The entertainment industry grew in the leaps and bounds the day Willem Botha entered it. Since 2006 he’s kissed Idols loyalists and since he’s hugged tens of thousands of his own fans with two award-winning albums and major movie and theatre roles to boot.
At 25 most young South Africans are happy with a qualification and, even better, a steady job to help build their dreams. At the same age Willem stands on the cusp of releasing My Stem Is Joune, his third, highly anticipated Sony Music album, all while waiting for his next movie, Pretville, to hit the silver screen in November.
Never one to take any part of his multifaceted and highly decorated career for granted, Botha makes work of pushing himself, and his God-given talent, to the edge of even bigger things. “I’m living my dream,” he acknowledges. “I’ve always known I’ve wanted to be more than just a musician. First and foremost I’m an entertainer, in every sense of the word.” Singer, dancer, actor and more recently songwriter, Botha’s on another growth spurt, and the benefactors are the ever-increasing number of fans that share a love for world-class entertainment.
To confirm that there’s plenty more where the last two albums came from, July 2012 marks the release of Botha’s brand new, 13-track album. Offering a level of maturity and sophistication fans familiar with 2006’s ground-breaking debut, KôMa Hier, and 2010’s Sê My Nou SAMA-nominated follow-up will relish, My Stem Is Joune is filled with bold progression. “I wrote “Vat Oor By My Jesus”, “Breek Op Met Jou In Stereo” and co-wrote “Sad Song” – something I’ve never attempted before, and I loved the entire process,” he says. “This album is a game changer for me. The songs are all incredibly strong thanks to the great team of talent songwriters Johan Oberholzer and Machiel Roets. Roets, best known for the hit single “Liefling” (the title track from Liefling Die Movie) co-wrote “Sad Song”, and Oberholzer delivered eight songs, including the title track to Botha’s new hit-peppered fan collectable.
Botha may already be successful, but he wakes every day, open and keen to embrace the industry that feeds his ever-evolving ability. Music is also just one facet of this multi-talent’s other gifts. Having made his movie debut in 2010’s Liefling, Die Movie (officially the most successful Afrikaans motion picture of all time) Botha’s equally excited at the prospect of his next role in Pretville, due for release in November. “I don’t believe in luck,” he says matter-of-factly. “You create your own. I work incredibly hard, every day, to find opportunities and work with people great, like-minded people.”
With time comes experience and maturity, two attributes Botha’s harnessing at every turn too. “My vocal ability has grown and improved,” he responds when asked how My Stem Is Joune compares to his previous two releases. “The overall sound of every song is strong. The quality and production is also the best it’s ever been. I write about life, experiences I have lived through, so there’s a level of honesty and integrity there that I’m very proud of.”
As far as the music he writes, sings and performs, Botha’s not precious about any aspect. “I don’t mind what I sing,” he adds. “If people enjoy it, that’s what makes me happy. ”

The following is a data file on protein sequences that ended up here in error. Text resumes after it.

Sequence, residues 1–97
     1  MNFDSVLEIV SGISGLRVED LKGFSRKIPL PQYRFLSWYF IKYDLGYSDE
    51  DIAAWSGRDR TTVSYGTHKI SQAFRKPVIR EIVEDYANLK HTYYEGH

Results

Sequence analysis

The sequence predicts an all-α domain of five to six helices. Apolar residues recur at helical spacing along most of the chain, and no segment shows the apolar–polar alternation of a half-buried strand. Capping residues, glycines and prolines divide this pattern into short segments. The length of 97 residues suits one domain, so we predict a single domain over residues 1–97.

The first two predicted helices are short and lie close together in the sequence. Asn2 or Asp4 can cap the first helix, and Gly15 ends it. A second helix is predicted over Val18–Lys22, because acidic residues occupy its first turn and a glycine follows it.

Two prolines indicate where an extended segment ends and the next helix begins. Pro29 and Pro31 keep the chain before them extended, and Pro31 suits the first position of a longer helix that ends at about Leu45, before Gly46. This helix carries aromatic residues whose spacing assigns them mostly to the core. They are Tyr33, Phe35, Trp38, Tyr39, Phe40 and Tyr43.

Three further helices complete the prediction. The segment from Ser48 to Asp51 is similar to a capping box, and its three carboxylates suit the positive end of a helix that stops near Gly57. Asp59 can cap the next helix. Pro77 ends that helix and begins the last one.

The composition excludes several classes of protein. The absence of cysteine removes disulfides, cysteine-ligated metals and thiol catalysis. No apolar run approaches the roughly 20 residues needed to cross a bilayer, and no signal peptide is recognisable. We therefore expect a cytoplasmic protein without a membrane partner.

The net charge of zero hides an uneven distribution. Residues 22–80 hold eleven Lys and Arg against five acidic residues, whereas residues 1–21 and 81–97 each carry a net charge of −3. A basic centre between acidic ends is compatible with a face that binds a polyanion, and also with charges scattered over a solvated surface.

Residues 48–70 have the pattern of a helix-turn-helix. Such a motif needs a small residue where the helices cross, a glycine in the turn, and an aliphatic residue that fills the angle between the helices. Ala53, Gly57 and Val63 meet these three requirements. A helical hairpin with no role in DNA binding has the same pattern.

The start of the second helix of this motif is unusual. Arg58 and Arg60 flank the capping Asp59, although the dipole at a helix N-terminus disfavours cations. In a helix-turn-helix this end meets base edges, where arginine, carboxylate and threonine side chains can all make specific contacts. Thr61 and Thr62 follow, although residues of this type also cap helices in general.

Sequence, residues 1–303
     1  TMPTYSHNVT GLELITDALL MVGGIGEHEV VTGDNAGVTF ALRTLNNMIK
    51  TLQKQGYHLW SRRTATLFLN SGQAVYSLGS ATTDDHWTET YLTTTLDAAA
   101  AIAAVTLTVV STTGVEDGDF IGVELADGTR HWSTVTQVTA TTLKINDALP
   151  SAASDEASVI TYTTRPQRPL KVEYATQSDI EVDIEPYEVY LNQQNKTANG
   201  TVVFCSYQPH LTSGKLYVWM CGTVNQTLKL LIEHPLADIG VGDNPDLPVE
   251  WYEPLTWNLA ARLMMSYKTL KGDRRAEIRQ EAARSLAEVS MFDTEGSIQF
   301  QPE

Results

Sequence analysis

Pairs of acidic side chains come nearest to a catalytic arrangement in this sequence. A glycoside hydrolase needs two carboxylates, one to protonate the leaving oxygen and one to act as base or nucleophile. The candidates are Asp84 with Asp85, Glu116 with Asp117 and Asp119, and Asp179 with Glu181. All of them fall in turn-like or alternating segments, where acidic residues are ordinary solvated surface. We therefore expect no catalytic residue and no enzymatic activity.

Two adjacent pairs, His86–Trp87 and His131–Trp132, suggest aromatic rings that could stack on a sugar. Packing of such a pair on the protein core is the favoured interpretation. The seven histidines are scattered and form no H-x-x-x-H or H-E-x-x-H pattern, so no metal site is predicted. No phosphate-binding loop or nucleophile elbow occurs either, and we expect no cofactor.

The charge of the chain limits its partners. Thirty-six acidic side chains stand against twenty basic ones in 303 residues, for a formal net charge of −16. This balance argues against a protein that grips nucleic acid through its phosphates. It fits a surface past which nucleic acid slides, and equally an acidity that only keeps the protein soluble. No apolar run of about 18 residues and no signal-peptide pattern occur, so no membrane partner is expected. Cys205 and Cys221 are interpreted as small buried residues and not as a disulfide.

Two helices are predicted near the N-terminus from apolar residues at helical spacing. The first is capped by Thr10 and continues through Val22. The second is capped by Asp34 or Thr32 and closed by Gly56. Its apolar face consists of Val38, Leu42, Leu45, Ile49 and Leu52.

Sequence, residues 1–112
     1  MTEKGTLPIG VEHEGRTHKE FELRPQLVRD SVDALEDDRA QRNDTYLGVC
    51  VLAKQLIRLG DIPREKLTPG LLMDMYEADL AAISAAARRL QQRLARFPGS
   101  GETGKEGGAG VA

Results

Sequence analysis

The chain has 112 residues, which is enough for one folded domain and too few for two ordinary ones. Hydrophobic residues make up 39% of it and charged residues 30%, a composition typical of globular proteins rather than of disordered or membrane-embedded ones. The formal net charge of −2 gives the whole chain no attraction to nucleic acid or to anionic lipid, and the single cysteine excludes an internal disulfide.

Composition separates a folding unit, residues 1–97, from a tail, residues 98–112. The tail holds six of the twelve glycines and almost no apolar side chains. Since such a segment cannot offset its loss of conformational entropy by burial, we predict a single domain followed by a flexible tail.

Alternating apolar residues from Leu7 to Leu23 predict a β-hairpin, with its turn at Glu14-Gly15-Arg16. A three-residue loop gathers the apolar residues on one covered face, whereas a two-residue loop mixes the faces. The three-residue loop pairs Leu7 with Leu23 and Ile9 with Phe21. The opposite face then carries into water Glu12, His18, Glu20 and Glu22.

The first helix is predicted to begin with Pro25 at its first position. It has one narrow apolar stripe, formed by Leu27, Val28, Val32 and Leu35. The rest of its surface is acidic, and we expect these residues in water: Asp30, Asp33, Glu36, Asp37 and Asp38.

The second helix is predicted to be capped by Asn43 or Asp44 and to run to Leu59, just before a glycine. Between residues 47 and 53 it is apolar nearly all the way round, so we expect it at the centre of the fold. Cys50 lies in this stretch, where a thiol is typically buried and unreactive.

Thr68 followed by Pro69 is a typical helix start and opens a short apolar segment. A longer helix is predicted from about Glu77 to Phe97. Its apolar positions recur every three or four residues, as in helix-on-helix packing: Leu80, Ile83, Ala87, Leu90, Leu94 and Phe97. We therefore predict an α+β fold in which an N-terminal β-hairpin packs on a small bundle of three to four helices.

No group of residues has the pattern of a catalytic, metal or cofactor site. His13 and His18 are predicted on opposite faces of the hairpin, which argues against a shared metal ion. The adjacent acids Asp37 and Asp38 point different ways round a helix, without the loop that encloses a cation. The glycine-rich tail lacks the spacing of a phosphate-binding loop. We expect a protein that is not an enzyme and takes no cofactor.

Botha’s also no stranger to sharing stages with the likes of Steve Hofmeyr, Kurt Darren and Nicolis Louw. “It’s always a great privilege to be invited to play with the like of Steve or Kurt,” he says. “I will be taking My Stem Is Joune on its own tour too, and we’ll go to wherever the demand is. I love playing live, and being on stage, that’s when I am in my element. That’s where I am truly content.”
A stickler for detail, and insisting that every aspect of what he touches is the best it possibly can be, Botha made it his business to influence every aspect of My Stem Is Joune – right down to the artwork that adorns the album sleeve. “We shot the cover on a horse farm outside Pretoria,” he shares. As a Springbok rider, Botha still makes time in his hectic schedule to ride at his horse-trainer brother’s school. “I grew up on a farm in Riversdal, so any opportunity I get back in touch with my roots I jump at it.”
One spin of My Stem Is Joune will have long-time fans beaming that the best parts they’ve got to know and love about Willem Botha are all still very much intact. “I’ve even included a club mix of “Breek Op Met Jou In Stereo”, as well as a three-song medley of songs from my debut, KôMa Hier,” he says. “I’ve been performing the medley at almost all of my shows. Now, for the first time, fans can take the experience home with them and play it, at full tilt, as often as they like.”
Botha knows where his bread is buttered, making work and takes time to respond to every aspect of his social media reality. “I’m very active on Facebook and Twitter,” he points out. “If I have fans making the effort to talk to me, I look to return the favour. Since the early days on Idols I’ve been very active online. It’s a great way to stay in touch with the people who allow me to keep doing what I love.”
Willem Botha may have already tasted success, but he’s hungry for more, and even happier to prepare every meal himself along the way. “There’s a great saying that I’ve adapted. It’s become something of a mantra for me, and sums up how I live my life. It goes something like this: ‘The elevator to dreams is broken, so I take the stairs.’”
Between a family and good friends that all help to keep him grounded, through to strong management and a record label equally invested in his future, Willem Botha surrounds himself with talented people. “What I do is often filled with challenges,” he concludes. How many people get to do what I do? There’s not a day that goes by that I don’t stop and give thanks for every opportunity I get. Hopefully fans hear that in the songs, and more especially when I perform live and get to thank them in person.”